According to Khaveen Investments, as of 2019, the Visa payment system had a 34% share of the debit card market. Although the payment giant was more than twice ahead of Mastercard with its 19%, it didn’t allow him to take the leading industry position. The largest market share (42%) belongs to the Chinese payment company UnionPay. However, over the past year, Visa and Mastercard have made a significant breakthrough in the cryptocurrency payments market. Here’s why.
At an investor meeting in January 2021, Alfred Kelly, the CEO of the Visa payment system, announced the company’s intentions to strengthen security and expand cryptocurrency transaction use.
According to him, in 2021 Visa plans to set up numerous partnership agreements with wallet operators and exchanges, as well as to start supporting cryptocurrencies if they are recognized as a legal payment means. Its multi-sided strategy included plans for BTC, altcoins, and fiat currency-backed tokens and stablecoins.
In February, the company began testing software application interfaces (APIs) allowing traditional bank customers to buy or sell digital assets.
In March, in the Fortune magazine podcast, Kelly said Visa could start using crypto as a payment option without obligatory fiat conversion. The Visa head meant two challenges. Firstly, to provide the opportunity to purchase BTC through internal accounts of the payment system, and, secondly, to establish interaction with popular BTC wallets to ease coin-to-fiat transferring and using in any of more than 70 million Visa accepted points.
Kelly highlighted the high potential of cryptocurrencies as a payment means especially in emerging economies, and also noted the Visa is related to 35 digital currency industry players. In April, it became known Visa is negotiating with several central banks to support the CBDC projects.
In August, Visa bought the CryptoPunk #7610 NFT token for 49.5 ETH (about $150,000 at the time of sale). It provoked another round of the NFT market rally. In particular, the August trading volume on the top NFT platform OpenSea exceeded $2.23 billion.
At the end of 2020, the British processing service Wirex received the status of the Visa community Principal member. This status will initially help the company expand its cryptocurrency market presence. Wirex, in particular, will be able to issue Visa cards independently.
In June, the regulated crypto derivative platform Bakkt, in partnership with Sutton Bank, launched a virtual Visa debit card. Its owners get an option to pay for purchases using BTC without the obligatory cryptocurrency-to-fiat conversion. The card supports Apple Pay and Google Pay mobile payment systems.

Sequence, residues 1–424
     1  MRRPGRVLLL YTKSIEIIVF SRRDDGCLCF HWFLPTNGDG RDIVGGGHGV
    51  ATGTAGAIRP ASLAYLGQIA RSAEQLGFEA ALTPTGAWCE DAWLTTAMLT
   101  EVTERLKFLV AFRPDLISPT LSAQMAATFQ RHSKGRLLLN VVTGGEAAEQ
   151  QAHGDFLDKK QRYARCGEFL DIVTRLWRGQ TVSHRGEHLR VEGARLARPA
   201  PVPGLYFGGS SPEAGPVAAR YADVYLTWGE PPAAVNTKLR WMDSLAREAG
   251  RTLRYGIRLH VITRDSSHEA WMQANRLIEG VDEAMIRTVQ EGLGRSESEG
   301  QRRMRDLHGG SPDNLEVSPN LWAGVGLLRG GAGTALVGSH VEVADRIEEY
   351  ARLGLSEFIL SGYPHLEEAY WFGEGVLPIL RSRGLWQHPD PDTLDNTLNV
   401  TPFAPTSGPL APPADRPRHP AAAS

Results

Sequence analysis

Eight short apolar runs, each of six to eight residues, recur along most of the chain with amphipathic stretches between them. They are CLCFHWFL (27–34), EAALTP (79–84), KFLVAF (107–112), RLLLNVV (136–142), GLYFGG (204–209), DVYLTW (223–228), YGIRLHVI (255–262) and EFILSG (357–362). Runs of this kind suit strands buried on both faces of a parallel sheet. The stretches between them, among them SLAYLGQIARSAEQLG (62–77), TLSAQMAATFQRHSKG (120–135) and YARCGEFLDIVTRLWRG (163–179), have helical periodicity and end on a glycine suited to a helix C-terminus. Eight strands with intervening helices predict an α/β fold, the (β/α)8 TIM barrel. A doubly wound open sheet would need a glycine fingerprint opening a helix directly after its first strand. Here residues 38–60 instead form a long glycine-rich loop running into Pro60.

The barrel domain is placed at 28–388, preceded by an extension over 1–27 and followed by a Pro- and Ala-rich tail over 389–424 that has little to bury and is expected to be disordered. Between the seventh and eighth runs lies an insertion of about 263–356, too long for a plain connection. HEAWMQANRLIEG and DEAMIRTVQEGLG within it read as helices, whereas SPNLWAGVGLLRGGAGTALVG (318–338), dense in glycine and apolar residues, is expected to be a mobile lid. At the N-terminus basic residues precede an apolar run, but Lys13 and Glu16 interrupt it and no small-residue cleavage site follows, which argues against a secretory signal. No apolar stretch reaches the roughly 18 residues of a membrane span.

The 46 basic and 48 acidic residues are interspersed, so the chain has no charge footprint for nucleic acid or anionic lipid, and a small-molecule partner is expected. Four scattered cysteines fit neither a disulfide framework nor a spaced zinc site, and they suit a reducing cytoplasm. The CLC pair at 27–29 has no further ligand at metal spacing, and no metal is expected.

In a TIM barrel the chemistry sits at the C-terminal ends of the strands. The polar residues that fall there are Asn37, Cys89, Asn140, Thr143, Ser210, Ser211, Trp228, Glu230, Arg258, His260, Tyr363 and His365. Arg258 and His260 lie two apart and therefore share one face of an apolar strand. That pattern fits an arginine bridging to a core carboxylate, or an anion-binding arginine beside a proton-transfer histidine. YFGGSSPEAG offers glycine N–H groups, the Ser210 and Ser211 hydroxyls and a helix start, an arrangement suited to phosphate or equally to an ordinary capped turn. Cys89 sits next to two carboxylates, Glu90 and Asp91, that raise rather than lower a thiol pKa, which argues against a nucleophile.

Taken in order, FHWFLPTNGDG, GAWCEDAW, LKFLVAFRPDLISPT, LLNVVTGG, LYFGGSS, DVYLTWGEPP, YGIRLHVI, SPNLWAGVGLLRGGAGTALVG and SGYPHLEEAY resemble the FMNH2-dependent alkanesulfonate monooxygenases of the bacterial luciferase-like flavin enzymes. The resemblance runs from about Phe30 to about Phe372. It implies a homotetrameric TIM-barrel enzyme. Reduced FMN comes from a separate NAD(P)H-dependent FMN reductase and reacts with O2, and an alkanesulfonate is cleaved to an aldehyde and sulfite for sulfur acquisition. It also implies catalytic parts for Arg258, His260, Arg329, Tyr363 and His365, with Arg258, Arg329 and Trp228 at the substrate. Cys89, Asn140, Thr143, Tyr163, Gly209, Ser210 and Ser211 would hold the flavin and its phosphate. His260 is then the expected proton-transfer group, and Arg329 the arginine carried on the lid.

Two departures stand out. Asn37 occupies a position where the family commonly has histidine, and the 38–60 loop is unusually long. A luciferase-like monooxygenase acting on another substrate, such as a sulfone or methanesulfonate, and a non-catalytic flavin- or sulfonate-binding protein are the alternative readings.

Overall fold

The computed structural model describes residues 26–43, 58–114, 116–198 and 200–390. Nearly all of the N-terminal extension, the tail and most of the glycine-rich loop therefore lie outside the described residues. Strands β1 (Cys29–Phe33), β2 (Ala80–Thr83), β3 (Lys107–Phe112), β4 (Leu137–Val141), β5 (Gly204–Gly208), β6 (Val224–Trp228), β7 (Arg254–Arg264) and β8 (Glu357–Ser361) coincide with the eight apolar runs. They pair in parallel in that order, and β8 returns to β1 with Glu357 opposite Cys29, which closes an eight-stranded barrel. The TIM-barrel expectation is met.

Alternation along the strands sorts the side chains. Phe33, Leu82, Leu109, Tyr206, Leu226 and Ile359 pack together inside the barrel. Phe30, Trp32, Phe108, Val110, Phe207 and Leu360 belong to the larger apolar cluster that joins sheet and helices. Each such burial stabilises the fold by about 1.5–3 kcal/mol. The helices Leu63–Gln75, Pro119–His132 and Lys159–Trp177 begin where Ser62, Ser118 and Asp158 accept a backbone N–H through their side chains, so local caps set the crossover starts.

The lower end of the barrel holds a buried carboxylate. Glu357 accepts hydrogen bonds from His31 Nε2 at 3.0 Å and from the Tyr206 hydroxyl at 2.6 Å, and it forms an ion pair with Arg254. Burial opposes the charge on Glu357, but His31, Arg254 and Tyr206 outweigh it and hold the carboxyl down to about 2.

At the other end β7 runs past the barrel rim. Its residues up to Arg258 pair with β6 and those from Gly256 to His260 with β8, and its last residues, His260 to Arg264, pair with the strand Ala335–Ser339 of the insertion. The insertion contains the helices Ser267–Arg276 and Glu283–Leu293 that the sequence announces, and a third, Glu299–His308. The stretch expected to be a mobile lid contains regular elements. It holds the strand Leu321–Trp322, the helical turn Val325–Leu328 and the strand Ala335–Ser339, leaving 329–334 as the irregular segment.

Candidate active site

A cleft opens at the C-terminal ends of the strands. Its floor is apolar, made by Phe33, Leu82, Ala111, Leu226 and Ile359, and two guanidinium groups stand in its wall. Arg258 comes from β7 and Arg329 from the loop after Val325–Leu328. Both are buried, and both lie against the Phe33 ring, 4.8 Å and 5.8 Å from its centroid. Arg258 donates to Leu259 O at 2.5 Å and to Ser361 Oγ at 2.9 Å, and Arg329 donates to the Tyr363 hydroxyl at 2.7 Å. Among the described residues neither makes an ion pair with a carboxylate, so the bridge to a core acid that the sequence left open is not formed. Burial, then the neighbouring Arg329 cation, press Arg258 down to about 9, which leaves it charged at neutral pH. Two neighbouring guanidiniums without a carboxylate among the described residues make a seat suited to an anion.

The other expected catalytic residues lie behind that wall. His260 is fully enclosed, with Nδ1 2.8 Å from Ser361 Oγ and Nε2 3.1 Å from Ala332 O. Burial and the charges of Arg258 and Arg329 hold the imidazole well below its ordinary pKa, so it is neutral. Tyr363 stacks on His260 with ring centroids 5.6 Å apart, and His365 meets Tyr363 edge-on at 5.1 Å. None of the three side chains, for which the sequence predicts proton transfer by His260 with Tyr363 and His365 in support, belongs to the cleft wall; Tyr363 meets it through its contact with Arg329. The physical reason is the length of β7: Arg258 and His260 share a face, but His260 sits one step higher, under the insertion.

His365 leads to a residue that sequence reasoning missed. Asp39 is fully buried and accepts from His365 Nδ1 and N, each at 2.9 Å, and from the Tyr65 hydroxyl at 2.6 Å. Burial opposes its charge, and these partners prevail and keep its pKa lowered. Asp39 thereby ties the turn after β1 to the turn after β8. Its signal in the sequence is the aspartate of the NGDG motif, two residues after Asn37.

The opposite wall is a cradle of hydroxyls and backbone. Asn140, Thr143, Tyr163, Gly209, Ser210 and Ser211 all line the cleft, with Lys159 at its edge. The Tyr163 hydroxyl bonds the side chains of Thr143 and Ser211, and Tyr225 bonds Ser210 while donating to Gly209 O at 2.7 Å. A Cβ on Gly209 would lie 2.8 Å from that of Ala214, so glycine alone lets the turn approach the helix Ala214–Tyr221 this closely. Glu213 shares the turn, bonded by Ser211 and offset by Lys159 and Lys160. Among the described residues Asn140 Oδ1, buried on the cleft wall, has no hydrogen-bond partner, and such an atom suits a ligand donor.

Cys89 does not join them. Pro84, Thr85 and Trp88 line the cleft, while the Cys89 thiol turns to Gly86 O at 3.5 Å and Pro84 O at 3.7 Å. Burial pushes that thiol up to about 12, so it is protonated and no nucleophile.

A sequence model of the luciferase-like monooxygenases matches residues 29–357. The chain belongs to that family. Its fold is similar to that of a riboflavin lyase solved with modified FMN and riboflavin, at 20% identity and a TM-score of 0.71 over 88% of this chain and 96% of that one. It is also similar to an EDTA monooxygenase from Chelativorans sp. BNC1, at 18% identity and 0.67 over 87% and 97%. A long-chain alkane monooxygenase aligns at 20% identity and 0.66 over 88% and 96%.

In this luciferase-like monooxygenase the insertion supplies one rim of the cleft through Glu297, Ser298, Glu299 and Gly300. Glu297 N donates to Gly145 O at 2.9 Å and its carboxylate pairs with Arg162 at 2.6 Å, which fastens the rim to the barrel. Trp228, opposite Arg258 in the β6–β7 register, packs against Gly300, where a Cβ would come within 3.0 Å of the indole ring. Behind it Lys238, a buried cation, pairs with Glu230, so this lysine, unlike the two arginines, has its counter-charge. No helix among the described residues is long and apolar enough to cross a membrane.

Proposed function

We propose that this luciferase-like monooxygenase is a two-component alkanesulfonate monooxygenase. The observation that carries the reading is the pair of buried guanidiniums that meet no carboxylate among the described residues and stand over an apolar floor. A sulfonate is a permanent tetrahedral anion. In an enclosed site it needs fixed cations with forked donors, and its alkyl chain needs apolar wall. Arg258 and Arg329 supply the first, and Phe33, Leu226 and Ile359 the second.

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As for Mastercard, back in September 2020, the payment system introduced a testing virtual environment for central bank digital currencies (CBDC), designed for CBDC modeling, evaluation of their practicality, and compatibility with the existing payment ecosystems.
Later, the company unveiled its plans to give merchants the option of accepting payments in digital assets directly, bypassing the support of cryptocurrency card issuers or processing facilities.
In July 2021, the company’s CEO Michael Maybach said the payment system intends to stay on the cutting edge of the latest digital asset industry developments, including CBDC and stablecoins. The company intends to take a market share as a multi-rail payment provider. At the same time, a survey powered by Harris Poll service showed that 40% of Mastercard customers plan to use cryptocurrencies.
Weld Money is an official partner of Visa, thanks to which investors and Weld community members have the opportunity to purchase a Visa Infinite card preferentially.
In the short-term future, we plan to conclude partnership agreements with both leading payment systems. It will allow Weld Money customers to get ultimate high-quality service and pay for purchases anywhere in the world in any convenient way with reduced fees.